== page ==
Sports Hernia Symptoms, Causes and Treatment

Know the Signs & Symptoms

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The typical sports hernia, or athletic pubalgia, occurs when the muscle layer of the abdominal wall in one specific area becomes thin relative to other areas. This can result in a tear or strain in one of the abdominal muscles, or the fascia of the abdominal wall. When this occurs, the underlying internal organs, specifically the intestines, push up against the muscular wall and cause significant pain.

The soft tissues that are most often affected by sports hernias are the obliques and the lower abdomen. The tendons that attach the obliques to the pubic bone are particularly susceptible. Sports hernias are also known to stretch and tear the tendons that attach the thigh muscles to the pubic bone. They are most common in sports that require players to plant their feet and twist their abdomens with full exertion, such as football.

A sports hernia is different from an inguinal hernia. An inguinal hernia results from the weakening and separation of the muscles, causing the internal organs to push through and create a visible bulge in the lower abdomen or groin.

Symptoms of a Sports Hernia

A sports hernia rarely causes any visible bulge in the muscle wall, so it is often overlooked for some time before it is diagnosed. Hernia symptoms in women are far more subtle than in men. As a result, women can suffer for a long time before getting an accurate diagnosis.

The most common symptom of a sports hernia is a dull, aching pain in the lower abdomen or groin that gradually becomes more severe. This pain generally worsens with exercise or activities such as running or weight lifting.

Sports hernias are far less common than inguinal hernias. They are generally associated with forceful, high-intensity, repeated twisting movements required in many vigorous sports, including football, soccer, tennis, wrestling and ice hockey.

Sports Hernia Diagnosis & Treatment

If you suspect a sports hernia, see your physician for a physical examination. A sports hernia gone untreated can lead to chronic pain that prevents you from your regular sports activity. A doctor will ask about the injury and test for pain by asking you to do a push up or other physical test. Imaging tests such as MRIs and x-rays can also be used to make a diagnosis.

Treatment for a sports hernia involves 7 to 10 days of rest. Anti-inflammatory medication and ice packs can be used to reduce pain and swelling. Once the rest period is over, your doctor may give you basic physical therapy exercises to do at home that will help strengthen the affected area. In some cases you may need to see a physical therapist. Most athletes are back to normal after 4 to 6 weeks.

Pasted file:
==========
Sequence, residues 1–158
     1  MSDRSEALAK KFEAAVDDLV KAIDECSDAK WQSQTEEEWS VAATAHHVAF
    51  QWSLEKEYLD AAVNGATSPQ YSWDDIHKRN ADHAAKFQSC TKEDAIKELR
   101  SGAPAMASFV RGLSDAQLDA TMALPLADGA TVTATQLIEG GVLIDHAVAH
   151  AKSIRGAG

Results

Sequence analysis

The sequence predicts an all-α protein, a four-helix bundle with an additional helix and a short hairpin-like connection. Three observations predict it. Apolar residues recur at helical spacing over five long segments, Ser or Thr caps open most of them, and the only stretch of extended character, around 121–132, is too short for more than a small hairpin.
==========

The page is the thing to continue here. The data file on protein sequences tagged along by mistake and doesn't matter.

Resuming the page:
Over time a sports hernia can turn into a inguinal hernia. If symptoms continue or return, hernia surgery to repair the torn tissues is typically the next treatment option. Many athletes who undergo the surgery are healed within 6 to 12 weeks and are able to resume their regular sports activity without any complications.

According to the American Orthopaedic Society for Sports Medicine, 90 percent of those who get hernia surgery are able to return to sports activity. Still, for some patients the tissues tear again and additional surgery is required.

 

Sources:

Anderson, K, et al. Hip and Groin Injuries in Athletes. Am J of Sports Med, Jul 2001; 29: 521 - 533.

Farber AJ, Wilckens JH. Sports hernia: diagnosis and therapeutic approach. http://www.jaaos.org/cgi/content/full/15/8/507. J Am Acad Orthop Surg. 2007 Aug;15(8):507-14.Click here to read

Mayo Clinic Medical Edge, Sports Hernias Best Treated With Inactivity. Jan. 16, 2006.

Sports Hernia (Athletic Pubalgia). (2010, September). Retrieved April 02, 2016, from http://orthoinfo.aaos.org/topic.cfm?topic=A00573

Painter, T. (2014). Symptoms of a Sports Hernia. Retrieved April 02, 2016, from http://www.livestrong.com/article/42718-symptoms-sports-hernia/

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